In the face of such a mountain of evidence, only the most wacko members of the tin-foil hat squad attempt to deny that the Genocide happened at all. Instead, the Turkish regime and its lap dogs take three dubious lines of attack: 1) The Armenians brought it on themselves. 2) The number of dead has been exaggerated. 3) It wasn’t really genocide. Incidentally, Justin McCarthy, the second of the two "experts" named in the Kandemir letter, has been at the forefront of promoting the first two arguments. Taking each argument in turn:
Dubious Line of Attack #1: The Armenians brought it on themselves
We find this argument, for example, in the Kandemir letter, where he refers to the Genocide as “a tragic civil war (initiated by Armenian nationalists).” Other variations are that the Armenians allied with the Ottoman's World War I enemy, Russia, Russia, Russia, and were therefore a threat to the Ottoman State and fair game in wartime.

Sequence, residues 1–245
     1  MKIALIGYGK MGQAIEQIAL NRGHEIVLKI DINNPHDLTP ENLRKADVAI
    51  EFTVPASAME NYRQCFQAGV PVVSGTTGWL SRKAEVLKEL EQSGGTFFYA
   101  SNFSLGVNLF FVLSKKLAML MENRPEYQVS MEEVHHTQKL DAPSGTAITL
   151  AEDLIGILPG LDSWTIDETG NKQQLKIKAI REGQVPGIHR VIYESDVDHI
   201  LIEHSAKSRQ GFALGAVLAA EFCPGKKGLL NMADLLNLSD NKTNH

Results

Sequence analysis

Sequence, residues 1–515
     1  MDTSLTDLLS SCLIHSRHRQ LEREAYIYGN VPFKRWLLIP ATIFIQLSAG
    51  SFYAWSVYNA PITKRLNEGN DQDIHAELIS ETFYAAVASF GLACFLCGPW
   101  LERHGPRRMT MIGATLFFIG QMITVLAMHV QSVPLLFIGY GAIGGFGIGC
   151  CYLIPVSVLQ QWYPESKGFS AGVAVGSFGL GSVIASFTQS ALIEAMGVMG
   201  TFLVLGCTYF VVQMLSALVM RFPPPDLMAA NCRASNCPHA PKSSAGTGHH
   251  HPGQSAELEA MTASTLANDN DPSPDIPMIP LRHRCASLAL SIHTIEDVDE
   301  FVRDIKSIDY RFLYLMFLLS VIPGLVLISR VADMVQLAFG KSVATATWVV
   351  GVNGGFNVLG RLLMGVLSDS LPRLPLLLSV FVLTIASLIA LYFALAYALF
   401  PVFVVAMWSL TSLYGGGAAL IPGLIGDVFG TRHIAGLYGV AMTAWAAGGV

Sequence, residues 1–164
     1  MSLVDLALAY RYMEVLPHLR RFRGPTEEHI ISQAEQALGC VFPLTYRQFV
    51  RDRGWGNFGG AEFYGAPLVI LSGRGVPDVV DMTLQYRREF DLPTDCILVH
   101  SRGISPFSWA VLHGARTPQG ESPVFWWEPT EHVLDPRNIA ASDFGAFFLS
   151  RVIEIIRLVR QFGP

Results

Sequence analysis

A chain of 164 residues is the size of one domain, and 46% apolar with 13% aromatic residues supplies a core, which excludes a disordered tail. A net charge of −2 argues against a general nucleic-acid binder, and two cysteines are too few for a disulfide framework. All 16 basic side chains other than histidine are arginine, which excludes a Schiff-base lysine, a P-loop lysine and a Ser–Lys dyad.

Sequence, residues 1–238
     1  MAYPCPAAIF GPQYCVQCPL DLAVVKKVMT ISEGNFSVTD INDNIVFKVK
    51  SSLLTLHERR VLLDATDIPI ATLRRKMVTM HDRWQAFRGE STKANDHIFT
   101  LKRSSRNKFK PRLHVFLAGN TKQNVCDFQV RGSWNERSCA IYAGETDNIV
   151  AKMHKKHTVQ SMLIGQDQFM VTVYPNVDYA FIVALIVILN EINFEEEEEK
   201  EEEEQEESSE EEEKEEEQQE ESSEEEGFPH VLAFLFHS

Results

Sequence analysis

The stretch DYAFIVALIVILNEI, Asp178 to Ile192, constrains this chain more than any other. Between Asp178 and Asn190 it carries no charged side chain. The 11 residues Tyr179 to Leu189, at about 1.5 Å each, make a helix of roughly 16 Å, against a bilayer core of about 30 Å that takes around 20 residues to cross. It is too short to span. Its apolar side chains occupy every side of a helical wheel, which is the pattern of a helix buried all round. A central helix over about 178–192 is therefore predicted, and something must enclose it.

Yes, there was an Armenian nationalist movement dating back to the 1800s—a century of nationalist movements around the world. And yes, Armenian volunteers really did join with Russian forces in the Caucasus Campaign during World War I, and helped hand the Turks their asses at the Battle of Sarikamish.
This type of argument is always used by those who seek to murder and ethnically cleanse those they hate. And it's always “true,” because in any group you can find a few people who did bad things. A Jewish man, Herschel Grynszpan, really did murder the German diplomat Ernst vom Rath—which was the pretext the Nazi demagogues used to incite the Germans to Kristallnacht in 1938. There really are violent Rohingya nationalist groups, which is the pretext used in Myanmar today to burn Rohingya villages and murder women and children (see my 2017 post The Rohingya Persecution: A Primer).